Center for Mentoring Excellence

Mentoring Matters

September 2013
Volume 4 | Issue 5B
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Mentoring: Strategies for Success Trainer Certification Program 
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Presented by Leadership Development Services' Center for Mentoring Excellence

Dr. Frances Kochan
Recommends Reading
Mentors Guide
The Mentor's Guide by Dr. Lois Zachary
Cultures and Organizations
Cultures and Organizations: Software of the Mind by Gerrt Hotstede, Gert Jan Hofstede, and Michael Minkov
Education of little tree
The Education of Little Tree by Forrest Carter
Mentoring Dilemmas
Mentoring Dilemmas by Audrey Murrell, Faye Crosby, and Robin Ely

the spirit catches you
The Spirit Catches You and You Fall Down by Anne Fadiman

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Dr. Fran KochanInterview with
Dr. Frances Kochan 
Wayne T. Smith Distinguished Professor at Auburn University 
continued from our August Eletter

Culture plays out in mentoring relationships in both subtle and overt ways. Its importance cannot be underestimated. To help us understand more about its impact, influence and salience, we interviewed mentoring expert and author, Dr. Frances Kochan,  Wayne T. Smith Distinguished Professor at Auburn University ( Auburn, AL). Her research and publications focus on the cultural aspects of the mentoring relationship, the mentoring process and mentoring programs. This is part two of our interview with Dr. Kochan. Part one appeared last month. 


MM: What advice would you give mentors and mentees when the parties come from different cultures?  


FK: Although cultural differences can cause problems, there are many instances of very successful mentoring relationship between people who have very different cultural backgrounds and values. The research on mentoring is very clear about the need for the mentor to be a caring person and about the need to develop a relationship that is mutually trusting. This is of particular importance when there are cultural differences between the mentor and mentee.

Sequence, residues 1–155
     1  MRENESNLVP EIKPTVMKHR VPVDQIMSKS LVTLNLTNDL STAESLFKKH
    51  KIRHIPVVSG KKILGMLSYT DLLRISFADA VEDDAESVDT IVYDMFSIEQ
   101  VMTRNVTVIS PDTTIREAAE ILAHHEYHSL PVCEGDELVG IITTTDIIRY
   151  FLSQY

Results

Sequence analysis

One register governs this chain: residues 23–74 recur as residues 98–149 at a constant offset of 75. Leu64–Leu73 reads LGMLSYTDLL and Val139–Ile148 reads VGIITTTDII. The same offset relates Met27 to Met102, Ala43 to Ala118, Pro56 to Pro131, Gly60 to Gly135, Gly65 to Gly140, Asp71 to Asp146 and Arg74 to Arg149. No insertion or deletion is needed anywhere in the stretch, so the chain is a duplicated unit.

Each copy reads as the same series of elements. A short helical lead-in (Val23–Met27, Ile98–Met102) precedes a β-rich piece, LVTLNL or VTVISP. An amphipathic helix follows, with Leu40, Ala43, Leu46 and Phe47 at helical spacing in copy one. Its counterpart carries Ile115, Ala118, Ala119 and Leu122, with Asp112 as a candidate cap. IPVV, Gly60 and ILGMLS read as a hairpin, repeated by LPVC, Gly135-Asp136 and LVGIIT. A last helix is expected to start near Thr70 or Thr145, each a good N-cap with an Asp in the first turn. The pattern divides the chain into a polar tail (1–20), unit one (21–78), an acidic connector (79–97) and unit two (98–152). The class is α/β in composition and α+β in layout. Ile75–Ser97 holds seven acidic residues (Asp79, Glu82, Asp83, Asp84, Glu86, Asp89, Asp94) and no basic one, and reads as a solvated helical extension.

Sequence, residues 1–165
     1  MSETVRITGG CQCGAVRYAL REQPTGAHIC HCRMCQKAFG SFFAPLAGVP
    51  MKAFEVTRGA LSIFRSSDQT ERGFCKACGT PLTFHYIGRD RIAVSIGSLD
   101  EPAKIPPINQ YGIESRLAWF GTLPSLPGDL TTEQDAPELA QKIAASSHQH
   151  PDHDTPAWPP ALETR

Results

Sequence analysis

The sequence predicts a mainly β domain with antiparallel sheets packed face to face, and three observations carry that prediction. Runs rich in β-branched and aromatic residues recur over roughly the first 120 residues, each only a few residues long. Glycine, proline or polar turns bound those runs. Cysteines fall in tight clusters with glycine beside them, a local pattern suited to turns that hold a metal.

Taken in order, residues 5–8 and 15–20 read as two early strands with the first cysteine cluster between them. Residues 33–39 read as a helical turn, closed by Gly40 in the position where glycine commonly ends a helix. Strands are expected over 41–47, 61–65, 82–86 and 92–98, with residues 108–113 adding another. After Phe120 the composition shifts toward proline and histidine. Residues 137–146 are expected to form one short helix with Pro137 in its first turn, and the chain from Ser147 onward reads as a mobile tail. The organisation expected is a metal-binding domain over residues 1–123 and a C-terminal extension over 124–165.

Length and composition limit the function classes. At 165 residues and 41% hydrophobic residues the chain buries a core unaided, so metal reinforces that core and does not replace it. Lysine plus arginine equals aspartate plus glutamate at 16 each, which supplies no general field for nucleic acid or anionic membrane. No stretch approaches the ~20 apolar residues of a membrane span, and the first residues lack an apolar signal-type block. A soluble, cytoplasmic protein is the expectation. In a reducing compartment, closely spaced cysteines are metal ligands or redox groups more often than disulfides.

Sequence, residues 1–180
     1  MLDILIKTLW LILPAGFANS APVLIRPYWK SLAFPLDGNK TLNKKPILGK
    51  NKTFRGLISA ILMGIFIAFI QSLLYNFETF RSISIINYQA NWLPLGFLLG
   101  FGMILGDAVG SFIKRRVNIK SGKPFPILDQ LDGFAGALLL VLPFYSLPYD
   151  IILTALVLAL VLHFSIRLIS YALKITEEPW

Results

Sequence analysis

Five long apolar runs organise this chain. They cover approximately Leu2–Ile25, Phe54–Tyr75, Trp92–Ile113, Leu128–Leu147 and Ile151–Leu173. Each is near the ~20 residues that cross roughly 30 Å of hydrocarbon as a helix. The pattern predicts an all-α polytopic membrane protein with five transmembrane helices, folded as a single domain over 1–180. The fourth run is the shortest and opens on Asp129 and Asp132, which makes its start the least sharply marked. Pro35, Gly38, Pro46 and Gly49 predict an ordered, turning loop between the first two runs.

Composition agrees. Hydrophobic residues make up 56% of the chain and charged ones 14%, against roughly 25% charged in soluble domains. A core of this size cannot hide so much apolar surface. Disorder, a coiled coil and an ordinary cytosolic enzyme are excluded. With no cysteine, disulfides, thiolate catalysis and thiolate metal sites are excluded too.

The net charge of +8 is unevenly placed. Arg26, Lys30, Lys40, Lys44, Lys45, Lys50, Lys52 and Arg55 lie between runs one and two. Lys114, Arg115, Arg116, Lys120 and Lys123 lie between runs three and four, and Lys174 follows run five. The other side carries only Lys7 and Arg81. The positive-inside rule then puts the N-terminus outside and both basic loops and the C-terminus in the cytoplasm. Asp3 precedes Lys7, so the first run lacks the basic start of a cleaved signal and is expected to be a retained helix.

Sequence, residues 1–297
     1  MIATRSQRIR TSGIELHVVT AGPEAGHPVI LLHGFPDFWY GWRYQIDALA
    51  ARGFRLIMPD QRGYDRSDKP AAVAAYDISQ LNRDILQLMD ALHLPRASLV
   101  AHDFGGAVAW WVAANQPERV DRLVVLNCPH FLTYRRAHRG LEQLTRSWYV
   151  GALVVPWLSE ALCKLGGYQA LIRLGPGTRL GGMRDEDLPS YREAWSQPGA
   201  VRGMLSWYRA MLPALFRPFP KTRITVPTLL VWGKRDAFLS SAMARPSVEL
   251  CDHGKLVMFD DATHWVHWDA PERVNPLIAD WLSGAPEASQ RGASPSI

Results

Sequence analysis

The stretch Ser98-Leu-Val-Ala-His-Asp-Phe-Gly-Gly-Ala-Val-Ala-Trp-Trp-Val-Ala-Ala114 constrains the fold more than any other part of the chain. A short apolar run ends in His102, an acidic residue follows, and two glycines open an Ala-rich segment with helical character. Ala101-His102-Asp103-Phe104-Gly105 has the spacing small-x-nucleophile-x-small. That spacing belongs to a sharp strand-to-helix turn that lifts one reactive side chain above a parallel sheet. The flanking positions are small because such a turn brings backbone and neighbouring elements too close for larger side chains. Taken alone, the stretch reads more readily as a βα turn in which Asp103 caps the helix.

In such a situation, it is vital that they share backgrounds and address the need to let one another know when and if something is done or said that is culturally problematic or difficult for the mentor or mentee to deal with.  This may be particularly hard when the mentee comes from a culture that does not question authority or which tends to operate individually rather than collaboratively-but it is imperative that these issues be addressed and that the mentor and mentee do all that is needed to foster trust between them.


The important things here are honesty, openness, and a desire to learn and grow. It is particularly important for the mentor to learn all that he or she can about the issues that might be faced and to be sensitive to them.  They must be open to engaging in deep reflection on these issues and be willing to ask questions that might be sensitive in order to foster growth and endure success.


There may however, be times when a person believes that some cultural aspect such as religion or gender is going to be a barrier to being able to enter into a meaningful mentoring relationship.  If this is the situation, it might be best for the person to inform those who are responsible for matching know this and not take on this challenge.  At the same time, as a general rule, if one wants to grow and learn, it might be better to face this issue and attempt to learn and grow by engaging in mentoring relationships that may permit that to happen.